Legal weed isn’t yet coming to a store near you — but cannabis delivery service could soon be seamless.

Little noticed when the state Office of Cannabis Management announced its first 36 retail licenses last week was the news that couriered delivery is on the menu. Delivery could speed the launch of retail sales while planned storefronts stall.

At the Nov. 21 meeting of the office’s governing board, a presentation slide indicated that the selected operators could start delivery services even before they are permitted to open storefront locations. 

The new operators may “fulfill delivery orders from a location obtained by the licensee that has been approved by the office,” the slide said.

A spokesperson for the Office of Cannabis Management (OCM), Aaron Ghitelman, said in a statement to THE CITY: “We are allowing adult-use retail dispensary non-storefront delivery as a means of jumpstarting adult-use cannabis product sales,” adding that operational details will be coming as soon as next week about getting “non-store front delivery operations up and running.” 

Delivery is revving up even as the process for matching the newly named sellers with storefronts is moving in slow motion. The state Dormitory Authority controls the selection of locations, none of which have yet been named, as well as the build-out of the retail stores using an approved list of architects. 

Hundreds of millions of dollars worth of cannabis grown in the state remains warehoused, for want of sales outlets.

Dan Livingston, executive director of the trade group Cannabis Association of New York, said the delivery option is a positive development. 

“There’s a certain amount of excitement because we had the sense that delivery might not make that first cut,” Livingston said. “The fact that dispensaries are going to be able to run their own delivery is exciting because we know that that’s where the market is, in New York City in particular.”

The state OCM had previously laid some groundwork for delivery. Proposed regulations say that businesses would be limited to ground transportation, with verification upon delivery that the purchaser is at least 21 years of age. They would also be limited to no more than the equivalent of 25 employees providing paid delivery services.

Because credit card companies have been loath to participate in the pot economy — with cannabis still an illegal controlled substance under federal law — transactions may have to take place through other means, such as debit cards or cash.

And while New York’s 150 licensees are assigned specific counties for their retail operations, they will be permitted to sell and deliver across boundaries — so a Bronx dispensary may deliver to Manhattan or Westchester County, and a Manhattan or Staten Island outlet can deliver to Brooklyn, a borough where a court injunction has frozen retail sales.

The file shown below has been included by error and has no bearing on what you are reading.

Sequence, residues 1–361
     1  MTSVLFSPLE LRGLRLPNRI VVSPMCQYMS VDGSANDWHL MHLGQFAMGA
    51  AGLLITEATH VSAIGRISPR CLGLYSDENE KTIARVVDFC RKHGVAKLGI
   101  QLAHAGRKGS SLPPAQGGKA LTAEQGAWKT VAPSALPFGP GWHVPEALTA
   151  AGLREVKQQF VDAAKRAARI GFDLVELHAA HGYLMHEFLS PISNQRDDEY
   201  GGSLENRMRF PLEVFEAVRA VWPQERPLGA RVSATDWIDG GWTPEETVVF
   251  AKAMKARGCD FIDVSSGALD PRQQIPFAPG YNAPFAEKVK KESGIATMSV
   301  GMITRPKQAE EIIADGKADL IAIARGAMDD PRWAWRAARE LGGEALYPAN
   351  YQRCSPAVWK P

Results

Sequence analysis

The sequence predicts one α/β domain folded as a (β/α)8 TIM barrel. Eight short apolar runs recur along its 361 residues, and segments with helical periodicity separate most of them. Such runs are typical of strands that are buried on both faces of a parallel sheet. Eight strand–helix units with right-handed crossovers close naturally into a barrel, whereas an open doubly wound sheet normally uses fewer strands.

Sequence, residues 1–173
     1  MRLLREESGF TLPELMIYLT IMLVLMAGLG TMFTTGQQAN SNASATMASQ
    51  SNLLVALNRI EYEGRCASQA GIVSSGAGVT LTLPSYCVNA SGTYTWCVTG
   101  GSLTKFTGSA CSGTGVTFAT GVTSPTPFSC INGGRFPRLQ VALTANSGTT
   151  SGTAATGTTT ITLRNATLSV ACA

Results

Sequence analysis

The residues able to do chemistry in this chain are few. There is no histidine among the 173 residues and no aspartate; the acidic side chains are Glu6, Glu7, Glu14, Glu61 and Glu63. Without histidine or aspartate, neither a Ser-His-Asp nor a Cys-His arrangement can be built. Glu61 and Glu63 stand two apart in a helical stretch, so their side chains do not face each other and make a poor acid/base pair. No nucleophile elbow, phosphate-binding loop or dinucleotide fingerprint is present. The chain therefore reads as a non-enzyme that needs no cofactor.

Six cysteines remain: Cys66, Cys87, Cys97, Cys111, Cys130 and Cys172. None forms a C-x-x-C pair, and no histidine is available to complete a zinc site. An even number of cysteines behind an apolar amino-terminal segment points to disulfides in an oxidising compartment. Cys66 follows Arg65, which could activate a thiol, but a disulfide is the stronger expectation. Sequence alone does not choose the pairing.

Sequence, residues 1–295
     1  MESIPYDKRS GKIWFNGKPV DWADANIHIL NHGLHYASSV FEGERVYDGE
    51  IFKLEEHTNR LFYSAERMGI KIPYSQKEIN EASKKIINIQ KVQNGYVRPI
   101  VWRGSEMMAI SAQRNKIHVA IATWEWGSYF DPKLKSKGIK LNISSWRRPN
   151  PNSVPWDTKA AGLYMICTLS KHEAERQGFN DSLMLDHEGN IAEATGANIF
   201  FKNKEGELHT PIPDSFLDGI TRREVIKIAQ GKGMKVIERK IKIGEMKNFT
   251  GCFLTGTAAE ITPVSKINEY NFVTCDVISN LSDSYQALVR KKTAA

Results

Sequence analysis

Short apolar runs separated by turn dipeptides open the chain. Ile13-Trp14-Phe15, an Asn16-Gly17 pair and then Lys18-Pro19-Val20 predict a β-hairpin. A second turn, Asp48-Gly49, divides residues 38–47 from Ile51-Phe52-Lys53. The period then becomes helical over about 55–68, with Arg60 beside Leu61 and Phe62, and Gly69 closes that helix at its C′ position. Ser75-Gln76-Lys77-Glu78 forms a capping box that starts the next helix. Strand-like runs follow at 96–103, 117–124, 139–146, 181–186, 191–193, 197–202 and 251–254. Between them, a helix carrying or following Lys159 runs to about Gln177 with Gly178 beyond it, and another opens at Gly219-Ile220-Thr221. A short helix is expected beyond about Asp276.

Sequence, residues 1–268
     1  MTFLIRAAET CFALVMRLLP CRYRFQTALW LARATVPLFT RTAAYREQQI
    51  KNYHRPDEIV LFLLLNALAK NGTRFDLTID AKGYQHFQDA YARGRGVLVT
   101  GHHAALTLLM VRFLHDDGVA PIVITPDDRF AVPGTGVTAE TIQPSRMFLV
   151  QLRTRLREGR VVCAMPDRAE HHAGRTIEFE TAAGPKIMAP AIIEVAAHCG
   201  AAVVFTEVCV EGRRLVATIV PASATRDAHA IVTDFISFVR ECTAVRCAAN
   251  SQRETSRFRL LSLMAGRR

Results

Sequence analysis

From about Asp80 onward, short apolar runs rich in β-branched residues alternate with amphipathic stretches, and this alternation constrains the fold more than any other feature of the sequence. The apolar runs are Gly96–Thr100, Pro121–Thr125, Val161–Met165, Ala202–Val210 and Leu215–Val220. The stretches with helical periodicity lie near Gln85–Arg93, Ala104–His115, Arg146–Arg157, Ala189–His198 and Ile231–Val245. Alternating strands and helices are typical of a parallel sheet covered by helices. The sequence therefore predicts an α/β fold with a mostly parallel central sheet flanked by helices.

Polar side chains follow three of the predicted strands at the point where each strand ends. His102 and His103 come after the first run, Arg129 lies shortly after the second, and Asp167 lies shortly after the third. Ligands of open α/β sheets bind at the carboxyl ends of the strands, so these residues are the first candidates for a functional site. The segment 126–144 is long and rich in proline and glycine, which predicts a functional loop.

David Feder, an attorney who founded Weed Law and is representing a dispensary license recipient who will be based in Queens, said a robust delivery service would be crucial for licensed sellers to compete with unauthorized cannabis sellers, which have proliferated across the city. Despite the prevalence of cannabis storefronts in many areas, none have been licensed by the state yet to sell weed.

“It’s a whole universe that can be completely distinct from the retail experience that a brand has,” he said. Licensees “can be running two very significant and meaningful brand experiences that can cater to different audiences completely.”

Delivery Tradition

The news that delivery could rev up before storefronts open caught the new license-holders by surprise.

Along with her brother, father and partner, Naiomy Guerrero is getting ready to launch Nube NYC LLC in The Bronx, one of the first licensees. Guerrero said she grew up with her family in Morris Heights during the height of stop-and-frisk policing and its disproportionate impact on Black and brown communities. Her brother, Hector, had a cannabis-related conviction, qualifying him for a first-round license.

Now the family is reaching out to cultivators, and working on their business plan. Guerrero said that while she and her family always planned for delivery to be part of their operation, she was not expecting to hear that delivery could launch before their dispensary opened. 

But she’s also aware that the launch into what she calls “uncharted waters” requires flexibility by all parties involved. 

“It’s an opportunity to sort of get moving faster than we would if we had to wait for these dispensaries to be built out or whatever it is that’s happening,” she said. “In the end, I’d rather be doing deliveries than not be doing anything.”

Jeffrey Hoffman, an attorney representing two license recipients, said that the OCM is looking to fend off the increasingly entrenched gray market of cannabis sellers. But Hoffman, 52, also observed that delivery has long been a foundation of NYC’s weed economy.

“The cannabis industry in New York City has existed as long as I’ve been alive — and it’s always been a delivery market. So opening a regulated market without delivery would be problematic, to say the least,” he said.